He has a firsthand account of the key events in question. We want to know what he knows.

BERMAN: And I should just let our viewers know we're looking at live pictures now of Tim Morrison making his way toward the hearing room where you then be on time in just a few minutes when you're done with us here.

One of the things that CNN has reported is he will corroborate what Bill Taylor has said. But it's also possible he will say he didn't see anything wrong with all of it.

What does that matter?

MALONEY: Well, look, we're not here to just hear things we agree with. I think we're going to -- we're going to let the witness give his testimony. He was a senior official at the National Security Council. He was in

many of the key meetings. He has a firsthand account. If he has a takeaway or an opinion about that, well, that's going to go on the record, too.

And that belies the arguments of the Republicans that this is some sort of one-sided process. They'll be able to have their counsel ask questions and elicit any testimony that they think is important or favorable to the president.

But if he does confirm some of the other witness testimony around the key events -- you know, without getting into the specifics of that testimony, I think it's going to be the latest in a series of corroborating pieces of evidence that reassert every word of the whistleblower complaint that makes clear that the call memorandum is as bad as it seems to be.

And the other pieces of evidence, like the text messages and the whole totality of evidence around the activities of Mr. Giuliani and his shady clients, the effort to go after Ambassador Yovanovitch -- the effort to drag her through the mud and get her out of the way so they could engage in this scheme to advance the president's political interest at the expense of our national security and well, everything that's right.

And so, I think the problem for the president continues to be the facts and the evidence and that's where we're going to stay focused.

BERMAN: You just listed, actually, a number of different areas, all part of the broad -- same subject -- same broad subject but different specifics here, which gets me to my next question, which is "The Washington Post" reporting about the handling of the notes of the phone call between the two presidents.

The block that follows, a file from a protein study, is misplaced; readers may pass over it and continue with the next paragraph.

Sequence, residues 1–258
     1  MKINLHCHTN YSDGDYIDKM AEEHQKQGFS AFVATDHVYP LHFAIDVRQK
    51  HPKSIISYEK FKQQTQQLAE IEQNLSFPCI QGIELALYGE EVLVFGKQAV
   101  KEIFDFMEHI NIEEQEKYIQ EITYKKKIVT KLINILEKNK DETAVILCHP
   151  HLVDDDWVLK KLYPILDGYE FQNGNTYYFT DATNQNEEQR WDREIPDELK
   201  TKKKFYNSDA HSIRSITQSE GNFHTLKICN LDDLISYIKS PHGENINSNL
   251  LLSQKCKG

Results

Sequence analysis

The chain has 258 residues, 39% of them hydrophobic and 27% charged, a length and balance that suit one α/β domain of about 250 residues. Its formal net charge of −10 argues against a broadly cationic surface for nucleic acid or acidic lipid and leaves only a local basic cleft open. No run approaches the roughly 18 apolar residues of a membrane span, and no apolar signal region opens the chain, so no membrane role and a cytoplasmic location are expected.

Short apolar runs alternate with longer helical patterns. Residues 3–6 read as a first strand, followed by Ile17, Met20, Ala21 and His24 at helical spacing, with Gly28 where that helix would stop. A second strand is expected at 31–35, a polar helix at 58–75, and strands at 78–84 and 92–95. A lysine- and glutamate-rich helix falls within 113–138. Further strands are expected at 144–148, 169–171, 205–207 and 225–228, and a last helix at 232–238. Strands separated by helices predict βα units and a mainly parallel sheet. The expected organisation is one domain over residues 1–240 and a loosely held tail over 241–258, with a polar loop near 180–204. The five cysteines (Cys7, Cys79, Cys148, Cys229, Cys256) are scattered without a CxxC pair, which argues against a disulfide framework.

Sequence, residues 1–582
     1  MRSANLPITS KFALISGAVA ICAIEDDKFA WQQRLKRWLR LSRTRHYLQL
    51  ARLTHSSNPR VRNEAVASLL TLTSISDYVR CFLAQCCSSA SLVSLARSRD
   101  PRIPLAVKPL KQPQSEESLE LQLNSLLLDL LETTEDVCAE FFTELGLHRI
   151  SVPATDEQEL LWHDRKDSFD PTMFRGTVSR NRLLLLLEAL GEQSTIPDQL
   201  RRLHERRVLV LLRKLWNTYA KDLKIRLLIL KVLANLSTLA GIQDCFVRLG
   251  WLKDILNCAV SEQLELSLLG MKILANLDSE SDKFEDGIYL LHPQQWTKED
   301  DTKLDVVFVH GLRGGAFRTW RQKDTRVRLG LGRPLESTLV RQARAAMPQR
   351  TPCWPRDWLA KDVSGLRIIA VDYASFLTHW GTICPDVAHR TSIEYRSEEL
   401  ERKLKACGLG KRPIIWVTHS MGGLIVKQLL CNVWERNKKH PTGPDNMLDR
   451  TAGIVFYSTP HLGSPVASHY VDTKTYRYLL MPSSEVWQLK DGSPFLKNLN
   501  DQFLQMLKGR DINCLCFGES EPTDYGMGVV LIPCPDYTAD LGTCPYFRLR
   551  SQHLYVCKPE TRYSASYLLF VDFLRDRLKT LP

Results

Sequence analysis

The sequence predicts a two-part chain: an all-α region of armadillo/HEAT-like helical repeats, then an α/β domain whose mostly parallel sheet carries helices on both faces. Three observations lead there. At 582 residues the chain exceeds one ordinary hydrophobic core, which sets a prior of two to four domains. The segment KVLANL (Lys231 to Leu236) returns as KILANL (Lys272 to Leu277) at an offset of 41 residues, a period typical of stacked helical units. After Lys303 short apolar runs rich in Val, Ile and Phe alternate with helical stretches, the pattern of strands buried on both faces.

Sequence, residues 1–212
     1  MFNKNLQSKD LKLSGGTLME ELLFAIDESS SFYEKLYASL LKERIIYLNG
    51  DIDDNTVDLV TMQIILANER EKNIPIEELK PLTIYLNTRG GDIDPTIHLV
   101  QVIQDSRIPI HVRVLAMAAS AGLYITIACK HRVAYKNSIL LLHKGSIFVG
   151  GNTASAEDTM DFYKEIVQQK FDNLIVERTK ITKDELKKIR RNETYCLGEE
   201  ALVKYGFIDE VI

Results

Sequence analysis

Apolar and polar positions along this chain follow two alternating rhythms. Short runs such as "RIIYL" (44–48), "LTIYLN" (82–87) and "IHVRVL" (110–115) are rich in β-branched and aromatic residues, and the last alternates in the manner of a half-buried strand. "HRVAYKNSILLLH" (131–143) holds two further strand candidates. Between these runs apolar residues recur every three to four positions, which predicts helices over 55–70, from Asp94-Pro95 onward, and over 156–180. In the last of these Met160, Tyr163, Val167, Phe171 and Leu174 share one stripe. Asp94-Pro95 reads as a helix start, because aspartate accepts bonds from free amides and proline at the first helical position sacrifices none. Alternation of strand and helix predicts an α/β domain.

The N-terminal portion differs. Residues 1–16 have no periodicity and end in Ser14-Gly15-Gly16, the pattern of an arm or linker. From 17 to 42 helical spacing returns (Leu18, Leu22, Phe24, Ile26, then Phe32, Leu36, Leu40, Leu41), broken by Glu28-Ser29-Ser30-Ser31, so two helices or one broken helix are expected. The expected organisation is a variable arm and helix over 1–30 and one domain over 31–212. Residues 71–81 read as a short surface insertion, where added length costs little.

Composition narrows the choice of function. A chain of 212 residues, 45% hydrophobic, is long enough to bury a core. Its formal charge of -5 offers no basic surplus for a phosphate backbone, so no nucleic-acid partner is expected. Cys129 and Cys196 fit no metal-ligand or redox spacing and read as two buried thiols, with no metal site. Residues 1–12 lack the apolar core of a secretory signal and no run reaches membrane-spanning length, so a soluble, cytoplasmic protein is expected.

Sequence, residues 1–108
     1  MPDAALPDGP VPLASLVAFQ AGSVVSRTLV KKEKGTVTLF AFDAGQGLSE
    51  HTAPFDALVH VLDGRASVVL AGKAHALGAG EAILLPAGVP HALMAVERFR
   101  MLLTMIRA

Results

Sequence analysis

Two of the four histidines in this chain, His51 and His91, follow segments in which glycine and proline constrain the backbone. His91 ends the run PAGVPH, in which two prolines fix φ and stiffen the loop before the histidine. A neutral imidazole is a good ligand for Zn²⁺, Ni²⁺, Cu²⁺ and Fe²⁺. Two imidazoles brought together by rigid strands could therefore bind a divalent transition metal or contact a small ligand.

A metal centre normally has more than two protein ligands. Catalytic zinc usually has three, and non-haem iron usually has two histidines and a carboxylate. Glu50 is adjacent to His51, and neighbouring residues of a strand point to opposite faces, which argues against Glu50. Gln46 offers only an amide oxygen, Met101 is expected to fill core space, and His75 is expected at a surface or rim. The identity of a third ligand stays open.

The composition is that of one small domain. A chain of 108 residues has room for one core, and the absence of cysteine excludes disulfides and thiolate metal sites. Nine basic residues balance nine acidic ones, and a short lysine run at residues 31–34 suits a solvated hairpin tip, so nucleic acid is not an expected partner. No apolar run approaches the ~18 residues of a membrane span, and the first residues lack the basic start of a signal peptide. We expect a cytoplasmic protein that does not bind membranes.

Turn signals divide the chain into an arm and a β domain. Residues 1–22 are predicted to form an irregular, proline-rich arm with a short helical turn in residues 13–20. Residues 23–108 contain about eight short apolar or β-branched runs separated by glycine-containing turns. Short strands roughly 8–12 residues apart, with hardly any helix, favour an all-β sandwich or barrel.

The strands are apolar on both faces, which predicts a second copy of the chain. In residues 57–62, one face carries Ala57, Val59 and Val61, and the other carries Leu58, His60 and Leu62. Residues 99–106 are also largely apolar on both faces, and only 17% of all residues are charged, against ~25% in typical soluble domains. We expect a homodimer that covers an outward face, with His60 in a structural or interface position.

"The Washington Post" reports that Col. Vindman, who you heard testify yesterday or two days ago, "...told Eisenberg, the White House's legal adviser on national security issues, that what the president did was wrong." So, Vindman told the National Security Council that what the president did was wrong.

"Scribbling notes on a yellow legal pad, Eisenberg proposed a step that other officials have said is at odds with longstanding White House protocol: moving a transcript of the call to a highly-classified server and restricting access to it."

Now, out of respect, you've been very careful because I've watched your interviews before. You're not going to confirm or deny what was said behind closed doors in this testimony. But I want to know, broadly speaking again, how important is the handling of these notes to you?

MALONEY: Well, let me just say I can comment on that. I was White House staff secretary. I spent three years in the West Wing. I had a code word -- top-secret national security clearance. It's highly unusual what was done here and certainly, one explanation would be that this is a consciousness of guilt. That there is an awareness that this is a problem. Obviously, it has become an enormous problem.

And so to try to cover it up -- to deep-six it in some code word national security database -- which would never include something as banal as a call memorandum even it if was, itself, confidential -- is certainly a red flag for me.

By the way, there's reporting out there that there were other call transcripts put in that database. I'd like to know what the reason for that was since it seems to be where you -- where you tried to hide the president's misconduct.

BERMAN: So later today, in addition to this hearing, there will be a vote on the House floor on the impeachment process.

We understand that almost every Democrat will vote for it, save maybe two to four -- and that number seems to be a little bit influx but not enough to sink it in any way -- but we haven't heard a single Republican come forward yet and say that he or she will vote in favor of this impeachment process the way it's constructed right now.

What does that tell you that not a single Republican is likely to vote for this?

MALONEY: Well, it tells me they don't believe their own argument, which was that there should be a vote just like this. That it should include an accounting of everybody in public -- you know, up or down -- how they feel. That it should build in due process rights for the president, as these rules do. That it should be a public proceeding.